The Ashland City Council voted unanimously on Tuesday night to keep the so-called road diet in place on North Main Street.
In a pilot project that began in fall 2012, North Main Street was re-striped to turn its four car travel lanes into two travel lanes with a center turn lane on the north side of town.
That created room on the edges to add bike lanes.
Slightly more cyclists are using the street with the bike lanes in place, research shows.
Councilor Pam Marsh said she voted to keep the road diet in large part because it has improved driving conditions.
She said with cars weaving, dodging and attempting to make turns with no center turn lane, driving the street used to be harrowing.
"The road diet provides a completely different experience," she said.
Councilor Greg Lemhouse said the road diet is not a perfect solution, but he supports keeping it in place.
With only one travel lane in each direction and no way to pass, he said traffic can back up behind slow-moving vehicles.
Lemhouse also cautioned cyclists not to overestimate the safety of the street, even with bike lanes, since it also doubles as Highway 99 and the main entrance into Ashland from the north.
About two dozen cyclists rode their bikes to the night meeting to show their support for the road diet.
More than a dozen people spoke on the issue, with the vast majority asking councilors to keep the changes in place.
Local resident Gus Janeway said the addition of a center turn lane has been a major safety improvement. He said he feels safer when driving and biking the stretch of road.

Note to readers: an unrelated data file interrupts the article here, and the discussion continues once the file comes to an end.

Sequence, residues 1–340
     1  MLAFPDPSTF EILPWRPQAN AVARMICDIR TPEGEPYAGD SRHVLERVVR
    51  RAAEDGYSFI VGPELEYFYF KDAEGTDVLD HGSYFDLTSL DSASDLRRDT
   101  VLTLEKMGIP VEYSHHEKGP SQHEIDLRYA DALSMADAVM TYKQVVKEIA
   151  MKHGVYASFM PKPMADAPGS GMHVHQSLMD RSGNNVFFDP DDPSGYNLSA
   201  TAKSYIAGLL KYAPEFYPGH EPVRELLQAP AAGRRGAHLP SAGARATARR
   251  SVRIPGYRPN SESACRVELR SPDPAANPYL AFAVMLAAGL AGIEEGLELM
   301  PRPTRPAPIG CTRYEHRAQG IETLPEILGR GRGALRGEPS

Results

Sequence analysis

Resident Noel Chatroux said he used to feel that he was risking death when biking on North Main Street.
"I have not felt that since the road diet was put in place," he said.
Local residents Tracy Harding and Malena Marvin spoke about a petition signed by more than 500 people in Ashland and other cities voicing support for the road diet.
Many people who signed the petition said traffic flows more smoothly and efficiently, and the street is safer for cyclists and pedestrians.
A fall survey of residents done by Southern Oregon University found that 48 percent of respondents thought the road diet had improved the street, while 42 percent thought it had not.
Resident Scott Calamar was one of the lone voices speaking out against the road diet at the council meeting.
He said North Main Street needs more crosswalks to be truly pedestrian friendly, road diet congestion has caused drivers to detour into neighborhoods and there has not been a dramatic increase in cyclists despite the addition of bike lanes.
Staff reporter Vickie Aldous can be reached at 541-479-8199 or email@example.com.